Konono Nº1

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Konono Nº1
KononoN°1.jpg
Konono Nº1 performing in May 2007
Background information
Origin Kinshasa, Democratic Republic of the Congo
Genres Bazombo trance music
Years active 1970s–present
Labels Crammed Discs
Website Official Site
Members Mawangu Mingiedi
Mawangu Makuntima
Menga Waku
Makonda Mbuta
Pauline Mbuka Nsiala
Vincent Visi
Ndofusu Mbiyavanga
Notable instruments
Electric likembé, Lance-voix

Konono Nº1 is a Grammy winning musical group from Kinshasa, Democratic Republic of the Congo. They combine three electric likembé (a traditional instrument similar to the mbira) with voices, dancers, and percussion instruments that are made out of items salvaged from a junkyard. The group's amplification equipment is equally rudimentary, including a microphone carved out of wood fitted with a magnet from an automobile alternator and a gigantic horn-shaped amplifier. The group achieved international renown beginning in 2005, with its DIY aesthetic appealing to many fans of rock and electronic music. They played this same year at the Eurockéennes festival in France.

History[edit]

The group's full name, as seen on the banner in its music video, is L'orchestre folklorique T.P. Konono Nº1 de Mingiedi; "T.P." (short for tout puissant, or "all powerful") is an homage to the band of the legendary Congolese musician Franco, which was called T.P. OK Jazz. It was formed by Mawangu Mingiedi, a likembé player and truck driver now in his 70s. Mingiedi is a member of the Zombo (or Bazombo) ethnic group, whose homeland is located near the border with Angola. For his likembé ensemble, he adapted Zombo ritual music that was originally played by an ensemble of horns made from elephant tusks.

Dates for the group's formation vary: Crammed Discs, which released Konono Nº1's Congotronics album in 2005, places the group's formation in the 1960s. The group was in existence at least as early as November 1978, when an ensemble called Orchestre Tout Puissant Likembe Konono Nº1 (All-Powerful Likembe Orchestra Konono Nº1) recorded one track, "Mungua-Muanga," for the compilation album Zaire: Musiques Urbaines a Kinshasa. The group has exerted an influence on many other Congolese popular musicians and groups.[1]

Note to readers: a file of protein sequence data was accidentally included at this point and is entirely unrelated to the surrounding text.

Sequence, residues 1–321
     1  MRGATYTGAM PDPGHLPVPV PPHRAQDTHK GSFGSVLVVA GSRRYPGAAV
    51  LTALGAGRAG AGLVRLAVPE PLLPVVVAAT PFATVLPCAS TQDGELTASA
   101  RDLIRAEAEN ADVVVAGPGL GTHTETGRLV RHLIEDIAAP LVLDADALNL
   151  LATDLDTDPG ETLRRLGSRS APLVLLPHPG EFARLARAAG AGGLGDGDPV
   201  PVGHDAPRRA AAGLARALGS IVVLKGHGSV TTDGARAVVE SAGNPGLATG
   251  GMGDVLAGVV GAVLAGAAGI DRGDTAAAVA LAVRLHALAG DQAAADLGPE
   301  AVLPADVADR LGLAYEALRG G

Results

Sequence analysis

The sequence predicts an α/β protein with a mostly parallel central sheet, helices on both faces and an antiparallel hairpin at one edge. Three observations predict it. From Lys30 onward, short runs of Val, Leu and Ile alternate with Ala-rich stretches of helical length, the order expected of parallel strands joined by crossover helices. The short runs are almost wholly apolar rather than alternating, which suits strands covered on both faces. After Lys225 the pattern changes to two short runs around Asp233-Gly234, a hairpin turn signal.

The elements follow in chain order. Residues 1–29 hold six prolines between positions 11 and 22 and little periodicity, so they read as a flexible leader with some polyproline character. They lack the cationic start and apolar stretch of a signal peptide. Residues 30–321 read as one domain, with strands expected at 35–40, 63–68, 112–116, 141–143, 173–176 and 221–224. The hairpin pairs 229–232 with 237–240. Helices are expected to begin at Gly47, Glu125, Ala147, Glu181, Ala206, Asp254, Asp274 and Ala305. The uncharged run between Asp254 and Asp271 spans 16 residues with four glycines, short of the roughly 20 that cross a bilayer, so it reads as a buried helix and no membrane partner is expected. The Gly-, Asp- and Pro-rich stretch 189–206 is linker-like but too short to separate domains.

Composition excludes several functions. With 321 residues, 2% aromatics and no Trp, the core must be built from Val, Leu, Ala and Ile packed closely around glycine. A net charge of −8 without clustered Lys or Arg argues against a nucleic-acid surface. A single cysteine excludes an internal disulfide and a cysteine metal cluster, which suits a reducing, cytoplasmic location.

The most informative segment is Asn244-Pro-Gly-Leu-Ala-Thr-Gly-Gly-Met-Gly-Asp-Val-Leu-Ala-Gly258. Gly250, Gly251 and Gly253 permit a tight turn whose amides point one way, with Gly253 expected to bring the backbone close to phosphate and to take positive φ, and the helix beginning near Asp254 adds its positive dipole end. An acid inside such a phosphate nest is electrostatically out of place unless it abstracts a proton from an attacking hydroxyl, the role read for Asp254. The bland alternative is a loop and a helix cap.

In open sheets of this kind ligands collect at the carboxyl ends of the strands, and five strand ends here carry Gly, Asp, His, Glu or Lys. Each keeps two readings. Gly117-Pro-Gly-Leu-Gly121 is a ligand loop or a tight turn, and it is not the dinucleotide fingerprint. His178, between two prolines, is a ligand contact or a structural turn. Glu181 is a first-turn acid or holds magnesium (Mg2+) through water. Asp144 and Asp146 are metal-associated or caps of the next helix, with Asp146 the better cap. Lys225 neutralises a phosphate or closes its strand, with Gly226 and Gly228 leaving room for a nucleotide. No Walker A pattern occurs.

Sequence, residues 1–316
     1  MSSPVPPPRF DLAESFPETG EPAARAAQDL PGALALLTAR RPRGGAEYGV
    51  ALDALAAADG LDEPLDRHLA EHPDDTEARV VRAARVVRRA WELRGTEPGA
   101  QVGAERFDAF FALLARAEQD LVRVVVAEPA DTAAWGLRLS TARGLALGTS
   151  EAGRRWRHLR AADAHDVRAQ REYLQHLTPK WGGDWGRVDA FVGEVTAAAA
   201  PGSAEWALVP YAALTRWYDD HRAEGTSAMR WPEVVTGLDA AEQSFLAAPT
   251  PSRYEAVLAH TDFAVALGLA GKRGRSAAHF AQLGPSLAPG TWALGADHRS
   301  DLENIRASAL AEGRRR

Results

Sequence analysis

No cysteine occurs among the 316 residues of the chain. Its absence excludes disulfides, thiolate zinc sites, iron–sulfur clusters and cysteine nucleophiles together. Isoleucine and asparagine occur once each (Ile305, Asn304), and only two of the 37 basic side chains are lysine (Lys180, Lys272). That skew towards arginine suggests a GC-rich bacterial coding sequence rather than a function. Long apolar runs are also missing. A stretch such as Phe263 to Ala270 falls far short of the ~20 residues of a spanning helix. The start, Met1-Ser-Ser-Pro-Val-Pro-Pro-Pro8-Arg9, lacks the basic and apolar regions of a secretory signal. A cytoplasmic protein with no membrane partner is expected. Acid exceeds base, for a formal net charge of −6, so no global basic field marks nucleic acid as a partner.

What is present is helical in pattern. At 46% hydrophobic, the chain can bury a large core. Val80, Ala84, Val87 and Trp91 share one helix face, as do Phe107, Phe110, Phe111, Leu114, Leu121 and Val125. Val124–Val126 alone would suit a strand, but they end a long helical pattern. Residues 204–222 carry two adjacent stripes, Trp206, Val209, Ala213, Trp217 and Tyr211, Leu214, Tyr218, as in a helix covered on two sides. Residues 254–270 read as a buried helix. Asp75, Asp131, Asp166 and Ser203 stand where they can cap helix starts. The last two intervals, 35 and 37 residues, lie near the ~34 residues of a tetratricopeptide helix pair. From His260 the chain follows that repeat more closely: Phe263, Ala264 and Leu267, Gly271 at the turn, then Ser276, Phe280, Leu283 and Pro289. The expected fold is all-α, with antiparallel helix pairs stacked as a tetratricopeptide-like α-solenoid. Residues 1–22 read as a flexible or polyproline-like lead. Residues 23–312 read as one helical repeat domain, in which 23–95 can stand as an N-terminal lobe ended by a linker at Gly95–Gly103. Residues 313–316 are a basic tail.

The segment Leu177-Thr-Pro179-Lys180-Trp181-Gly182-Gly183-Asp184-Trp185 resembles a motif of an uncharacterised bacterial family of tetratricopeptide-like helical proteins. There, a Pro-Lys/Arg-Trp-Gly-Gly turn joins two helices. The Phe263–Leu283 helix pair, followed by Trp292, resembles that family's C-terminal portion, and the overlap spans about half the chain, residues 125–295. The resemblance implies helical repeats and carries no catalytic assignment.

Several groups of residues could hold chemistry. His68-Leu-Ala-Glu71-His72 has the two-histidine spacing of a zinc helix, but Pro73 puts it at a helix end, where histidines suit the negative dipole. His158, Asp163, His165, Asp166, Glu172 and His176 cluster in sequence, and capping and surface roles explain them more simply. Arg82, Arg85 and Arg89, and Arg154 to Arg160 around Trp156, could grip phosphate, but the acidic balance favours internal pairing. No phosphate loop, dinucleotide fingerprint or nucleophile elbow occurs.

The first time Konono Nº1 played outside of Africa was in 2003, when they toured the Netherlands with Dutch band The Ex. Since then the group has achieved some renown in North America and Europe, and has toured both places. Since 2003 The Ex has regularly performed one of their songs live.
In 2006 the band won the Newcomer award from the BBC Radio 3 Awards for World Music.[2]

The group collaborated with Björk on the song "Earth Intruders" from her studio album, Volta. They also accompanied her on her promotional tour for the album in 2007.

Konono Nº1's album Live At Couleur Café was nominated for a Grammy Award in 2008.
Konono Nº1 collaborated on "Imagine" for the 2010 Herbie Hancock album, The Imagine Project along with Seal, P!nk, India.Arie, Jeff Beck, Oumou Sangare and others.[3] The song earned the Grammy Award for "Best Pop Collaboration".

The group were chosen by Matt Groening to perform at the edition of the All Tomorrow's Parties festival he curated in May 2010 in Minehead, England.[4]

In May 2010, Crammed Discs released the fourth volume in its Congotronics series, Assume Crash Position, produced by Vincent Kenis.

In November 2010, Crammed Discs released "Tradi-Mods Vs. Rockers", a multi-artist album containing interpretations, covers and tributes to the music of Kasai Allstars, Konono No1 and other Congotronics bands, recorded by 26 indie rock and electronic musicians, including a.o. Deerhoof, Animal Collective, Andrew Bird, Juana Molina, Shackleton, Megafaun, Aksak Maboul, Mark Ernestus and others.
In 2011, Konono N°1 took part in the Congotronics vs Rockers project, a "superband" including ten Congolese and ten indie rock musicians (also including members of Deerhoof, Wildbirds & Peacedrums, Kasai Allstars, Skeletons and Juana Molina), who collaborated to create a common repertoire and performed at 15 major festivals and venues in ten countries.[5][6][7][8]

Discography[edit]

References[edit]

  1. ^ [1]
  2. ^ BBC Radio 3 Awards for World Music, Newcomer, 2006.
  3. ^ "The Imagine Project". All About Jazz. 2010-06-21. Retrieved 2010-11-29. 
  4. ^ Gehr, Richard: "The 9 Best Moments of All Tomorrow's Parties", Spin, May 10, 2010.
  5. ^ The Guardian
  6. ^ The Quietus
  7. ^ The Arts Desk
  8. ^ Pitchfork

External links[edit]

Listening[edit]

Video[edit]

See also[edit]